It has been a testing few weeks for Greece: Covid-19 cases are rising to dangerous levels, few tourists visited the country over the summer, a Mediterranean hurricane (Medicane) caused widespread flooding and damage and the largest refugee camp, in Moria on Lesbos, was burned down.

All these developments were predictable. However, the Moria catastrophe happen almost by design.

The camp, housing an estimated 13,000 asylum seekers within its perimeter and in olive groves around the site, had become a tinderbox.

Years of malign neglect by Greek authorities, who refused to be shamed into action by the inhumane conditions in which many migrants lived, along with the European Union’s conscious policy of using the Greek islands as a buffer zone between member states and the armed conflicts taking place towards Europe’s east and south created an untenable situation on Lesbos.

This was not a mistake

Some officials thought an effective approach to irregular migration could be based on a long-term containment strategy, whereby asylum seekers are kept at arm’s length for months or years as they are snared in the gears of Greek and European bureaucracy, paired with the kind of terrible living conditions that would supposedly act as a deterrent to any migrants thinking of crossing the Aegean Sea from Turkey to Greece.

‘Moria, in all its miserable, dehumanizing squalor, was designed to be that way. It was not a mistake,’ wrote Daniel Howden, managing director of the investigative journalism organisation Lighthouse Reports, for Politico in the wake of this month’s fire.

‘Moria became the emblem of an EU deterrence policy in which the warehousing of asylum seekers in humiliating circumstances was the point. Any other approach was and is seen as creating a “pull factor” that will attract another 2015-style surge of arrivals,’ he added.

This approach failed for many reasons. People, however destitute, will not allow themselves to be exploited forever. Moreover, their presence on the Greek islands, which largely live off tourism and have seen revenues decline significantly, has been a source of growing resentment that has provided some Greek and European politicians with easy political targets – and far-right activists with a rallying point to radicalise voters.

The EU’s inhumane outsourcing efforts

This is a toxic mix that not only creates a volatile present, but sows the seeds for future confrontation when migration will increasingly be the structural answer to Europe’s demographic challenges, while war, climate change and the lack of food and water security will only create more refugees.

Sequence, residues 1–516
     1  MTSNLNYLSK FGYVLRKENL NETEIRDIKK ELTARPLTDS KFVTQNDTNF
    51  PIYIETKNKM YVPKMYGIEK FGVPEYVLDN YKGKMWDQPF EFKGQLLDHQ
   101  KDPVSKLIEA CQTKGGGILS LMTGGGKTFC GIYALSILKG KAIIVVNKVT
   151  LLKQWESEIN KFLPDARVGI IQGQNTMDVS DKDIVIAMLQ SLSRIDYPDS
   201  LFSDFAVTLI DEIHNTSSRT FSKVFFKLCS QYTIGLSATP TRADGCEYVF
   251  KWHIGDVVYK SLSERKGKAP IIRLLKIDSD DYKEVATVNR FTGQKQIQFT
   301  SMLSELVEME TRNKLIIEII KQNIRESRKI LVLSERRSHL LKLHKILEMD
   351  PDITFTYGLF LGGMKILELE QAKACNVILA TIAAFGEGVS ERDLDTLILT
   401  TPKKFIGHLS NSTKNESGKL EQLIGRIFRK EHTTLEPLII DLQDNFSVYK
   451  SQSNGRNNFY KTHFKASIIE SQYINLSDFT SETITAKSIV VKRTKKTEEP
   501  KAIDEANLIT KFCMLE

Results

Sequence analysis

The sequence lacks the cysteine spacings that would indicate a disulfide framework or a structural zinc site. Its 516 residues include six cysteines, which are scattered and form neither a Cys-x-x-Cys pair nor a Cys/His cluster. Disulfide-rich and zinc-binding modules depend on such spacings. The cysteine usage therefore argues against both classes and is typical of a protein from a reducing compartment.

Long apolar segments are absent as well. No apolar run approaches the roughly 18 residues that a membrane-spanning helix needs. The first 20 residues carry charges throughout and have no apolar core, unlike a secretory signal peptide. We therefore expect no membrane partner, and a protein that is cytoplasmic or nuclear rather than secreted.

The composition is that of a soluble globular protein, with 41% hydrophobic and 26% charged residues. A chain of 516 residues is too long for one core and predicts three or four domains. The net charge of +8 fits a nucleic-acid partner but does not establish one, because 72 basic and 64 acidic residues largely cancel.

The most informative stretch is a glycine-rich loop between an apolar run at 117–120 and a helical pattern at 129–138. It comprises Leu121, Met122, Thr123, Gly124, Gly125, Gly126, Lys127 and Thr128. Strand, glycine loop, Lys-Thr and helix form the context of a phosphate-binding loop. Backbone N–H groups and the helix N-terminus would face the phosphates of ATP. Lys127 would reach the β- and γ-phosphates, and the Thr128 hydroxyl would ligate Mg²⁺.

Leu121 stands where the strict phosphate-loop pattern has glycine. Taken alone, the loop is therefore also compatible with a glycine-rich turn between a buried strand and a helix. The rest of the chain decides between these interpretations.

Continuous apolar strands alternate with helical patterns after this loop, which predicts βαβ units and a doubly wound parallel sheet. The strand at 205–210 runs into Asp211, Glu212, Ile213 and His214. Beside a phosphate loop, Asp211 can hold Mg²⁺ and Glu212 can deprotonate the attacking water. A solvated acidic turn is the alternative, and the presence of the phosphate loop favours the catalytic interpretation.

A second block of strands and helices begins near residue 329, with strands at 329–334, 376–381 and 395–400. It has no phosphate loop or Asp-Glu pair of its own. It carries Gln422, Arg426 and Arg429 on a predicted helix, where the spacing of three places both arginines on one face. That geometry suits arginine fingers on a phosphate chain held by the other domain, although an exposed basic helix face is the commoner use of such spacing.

‘What we’ve seen on Lesbos is that if you have long-term resentments building up and you can’t really resolve any of those, then eventually that anger gets displaced to the most convenient and vulnerable targets,’ Howden told The Agora podcast earlier this year.

Turkey’s actions in February also contributed to the Greek centre-right government hardening its stance on the migration issue.

Furthermore, the EU’s effort to outsource the management of migration, whether it be to the Greek islands, Turkey, Jordan or elsewhere, has created a marketplace for warehousing asylum seekers, either on the edge of Europe or beyond its borders. In doing so, the EU has revealed its vulnerability – a union of some 500 million people from some of the richest countries in the world that is scared of dealing with roughly 150,000 migrants a year that arrive outside of the normal channels along with some 2.5 million legal migrants.

Turkey and the Greek government

Turkey is adept at this bargaining process and understands the EU’s weaknesses very well. It has been able to exploit both repeatedly over the last few years. The most blatant example came this February, when Turkish officials waved migrants through to the land border with Greece in Evros, forcing an ugly stand-off as the Greek government decided to shut the gates.

Turkey’s actions in February also contributed to the Greek centre-right government hardening its stance on the migration issue. New Democracy officials increasingly began suggesting that most arrivals in Greece were ‘illegal immigrants’ rather than genuine asylum seekers, pawns in a broader geopolitical game being played by Turkish President Recep Tayyip Erdogan.

There have also been repeated allegations that Greece has been involved in illegal ‘pushback’ operations against migrants. These have been denied by Athens, although it has not put forward any evidence to counter the claims.